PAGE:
Walking in the opposite direction taking the cliff path behind the cottage up to the headland you will first come across the "Huer's Hut".  This was where the Huer used to look out to see and signal to the fishermen when he saw a shoal of pilchards. The rest of this walk over a few stiles leads you to Carleon Cove, generally referred to as Poltesco, that used to house an old Serpentine mill. This is a beautiful walk, a bit gentler than going to the Lizard and takes you down through a small wood over the stream that flows into the sea. Look out for wild orchids in the hedges. A Game warden that stayed in the cottage counted over 300 incredibly rare wild flowers around the cliffs. This is again a shingle beach but is beautifully deserted and has areas for a BBQ or pasty and a bottle of wine.

Should you wish to find a sandy beach for the kids - Kennack Sands is the next main bay along from Poltesco. It is safe to swim but gets very crowded in peak season so go early to get a parking space. Poldhu Cove is also a beautiful sandy beach the other side of Mullion, which also has a car park but it is always worth bearing in mind that the westerly beaches the other side of the Lizard are less safe and Poldhu has a lifeguard in the Summer months.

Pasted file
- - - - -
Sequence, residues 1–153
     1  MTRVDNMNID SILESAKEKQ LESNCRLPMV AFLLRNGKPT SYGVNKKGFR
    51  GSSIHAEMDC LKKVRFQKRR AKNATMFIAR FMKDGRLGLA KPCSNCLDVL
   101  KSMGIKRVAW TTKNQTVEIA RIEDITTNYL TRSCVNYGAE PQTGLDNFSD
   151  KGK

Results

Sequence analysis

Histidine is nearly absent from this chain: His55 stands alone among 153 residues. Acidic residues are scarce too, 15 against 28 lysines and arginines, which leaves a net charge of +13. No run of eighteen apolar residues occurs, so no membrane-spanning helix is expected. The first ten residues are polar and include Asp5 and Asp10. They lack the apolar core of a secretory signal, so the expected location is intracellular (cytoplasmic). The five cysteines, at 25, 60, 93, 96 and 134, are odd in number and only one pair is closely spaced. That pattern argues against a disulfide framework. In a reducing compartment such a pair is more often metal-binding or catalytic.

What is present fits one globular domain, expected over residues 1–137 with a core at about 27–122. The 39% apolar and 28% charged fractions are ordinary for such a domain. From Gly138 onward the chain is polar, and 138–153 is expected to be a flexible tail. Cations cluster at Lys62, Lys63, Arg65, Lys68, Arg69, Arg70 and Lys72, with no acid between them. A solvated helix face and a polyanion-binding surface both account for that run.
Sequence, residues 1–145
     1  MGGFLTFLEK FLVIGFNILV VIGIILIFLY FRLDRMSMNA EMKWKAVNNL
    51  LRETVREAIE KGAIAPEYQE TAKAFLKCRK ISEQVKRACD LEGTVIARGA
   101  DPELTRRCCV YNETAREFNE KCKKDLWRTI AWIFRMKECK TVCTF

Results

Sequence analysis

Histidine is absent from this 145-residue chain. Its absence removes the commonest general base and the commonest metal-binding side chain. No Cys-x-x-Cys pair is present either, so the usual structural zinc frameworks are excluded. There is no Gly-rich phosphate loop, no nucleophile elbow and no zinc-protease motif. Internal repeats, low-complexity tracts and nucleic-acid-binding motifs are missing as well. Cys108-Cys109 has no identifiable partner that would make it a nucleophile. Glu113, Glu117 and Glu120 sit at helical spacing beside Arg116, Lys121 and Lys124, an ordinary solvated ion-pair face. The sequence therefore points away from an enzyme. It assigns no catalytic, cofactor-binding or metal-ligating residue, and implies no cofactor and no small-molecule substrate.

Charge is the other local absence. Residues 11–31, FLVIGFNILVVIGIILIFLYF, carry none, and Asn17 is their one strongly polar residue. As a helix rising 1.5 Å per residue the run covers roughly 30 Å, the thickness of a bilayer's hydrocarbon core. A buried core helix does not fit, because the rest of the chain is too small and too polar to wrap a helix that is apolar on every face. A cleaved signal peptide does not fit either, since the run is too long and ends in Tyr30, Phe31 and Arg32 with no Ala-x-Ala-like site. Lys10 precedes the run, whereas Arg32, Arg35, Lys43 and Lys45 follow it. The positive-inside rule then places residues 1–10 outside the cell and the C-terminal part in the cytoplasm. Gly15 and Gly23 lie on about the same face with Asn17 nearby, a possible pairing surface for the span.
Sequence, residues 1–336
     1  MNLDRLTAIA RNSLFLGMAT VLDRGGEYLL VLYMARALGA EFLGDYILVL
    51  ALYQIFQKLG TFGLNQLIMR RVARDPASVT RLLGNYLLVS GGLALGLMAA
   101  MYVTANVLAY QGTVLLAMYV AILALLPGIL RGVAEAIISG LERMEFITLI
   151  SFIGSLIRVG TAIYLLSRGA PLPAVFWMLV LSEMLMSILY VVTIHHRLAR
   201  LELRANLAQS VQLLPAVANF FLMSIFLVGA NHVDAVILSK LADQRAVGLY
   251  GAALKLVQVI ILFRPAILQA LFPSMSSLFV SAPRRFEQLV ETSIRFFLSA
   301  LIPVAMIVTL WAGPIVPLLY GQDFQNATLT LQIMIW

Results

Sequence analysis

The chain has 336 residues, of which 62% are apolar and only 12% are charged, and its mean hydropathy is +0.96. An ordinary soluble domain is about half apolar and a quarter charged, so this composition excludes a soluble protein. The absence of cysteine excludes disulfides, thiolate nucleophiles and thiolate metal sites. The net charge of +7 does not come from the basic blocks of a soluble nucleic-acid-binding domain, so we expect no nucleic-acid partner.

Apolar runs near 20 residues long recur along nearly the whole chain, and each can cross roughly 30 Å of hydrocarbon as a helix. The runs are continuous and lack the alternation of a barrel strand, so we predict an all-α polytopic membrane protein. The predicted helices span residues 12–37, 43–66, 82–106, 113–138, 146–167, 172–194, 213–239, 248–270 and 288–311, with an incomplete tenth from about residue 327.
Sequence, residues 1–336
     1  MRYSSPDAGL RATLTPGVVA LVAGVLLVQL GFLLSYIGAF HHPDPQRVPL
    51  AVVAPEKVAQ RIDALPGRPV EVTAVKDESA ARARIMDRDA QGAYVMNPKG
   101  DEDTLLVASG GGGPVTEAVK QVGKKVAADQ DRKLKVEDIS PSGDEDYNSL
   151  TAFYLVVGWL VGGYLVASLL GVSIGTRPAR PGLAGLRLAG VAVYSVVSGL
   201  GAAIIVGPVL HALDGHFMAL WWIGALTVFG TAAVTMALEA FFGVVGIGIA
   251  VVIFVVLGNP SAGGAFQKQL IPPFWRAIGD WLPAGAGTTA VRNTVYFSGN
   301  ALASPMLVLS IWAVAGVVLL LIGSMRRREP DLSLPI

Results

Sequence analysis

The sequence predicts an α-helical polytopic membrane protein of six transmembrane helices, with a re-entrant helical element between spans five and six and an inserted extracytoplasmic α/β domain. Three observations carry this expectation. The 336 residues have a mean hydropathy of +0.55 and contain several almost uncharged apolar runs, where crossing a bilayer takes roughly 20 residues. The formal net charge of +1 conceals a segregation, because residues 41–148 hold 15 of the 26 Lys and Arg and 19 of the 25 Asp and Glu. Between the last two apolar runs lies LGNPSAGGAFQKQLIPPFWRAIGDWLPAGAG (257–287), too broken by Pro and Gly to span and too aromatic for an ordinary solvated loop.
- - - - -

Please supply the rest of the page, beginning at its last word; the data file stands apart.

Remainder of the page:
You don't have to look far for some beautiful coves and walks, Kynance is a National Trust beach well signposted from The Lizard road. The Cottage has lots of literature about local walks and you really will see a multitude of wild flowers that seem to thrive in the local micro-climate that seems so much warmer than the rest of England throughout the year.



On most Summer Wednesday Evenings the Cove hosts Sea fishing competitions. Details of timings, target fish and previous records are normally kept on the Winch House. If you ask around the local fisherman, you should be able to participate. If  you do not have your sea legs, simply go down to the cove as the catch is brought in. It is a lovely local focal point. There are also Fishing Trips, which can be booked daily, details again are in the Cove.  For the younger seafarers there are nets in the cottage and the Cove has a multitude of rockpools. If freshwater fishing is your bag, there are local lakes, not too far away. If you head back to Helston, (for about 5 miles), you will see signs on the right hand side, just after the Wheel Inn pub.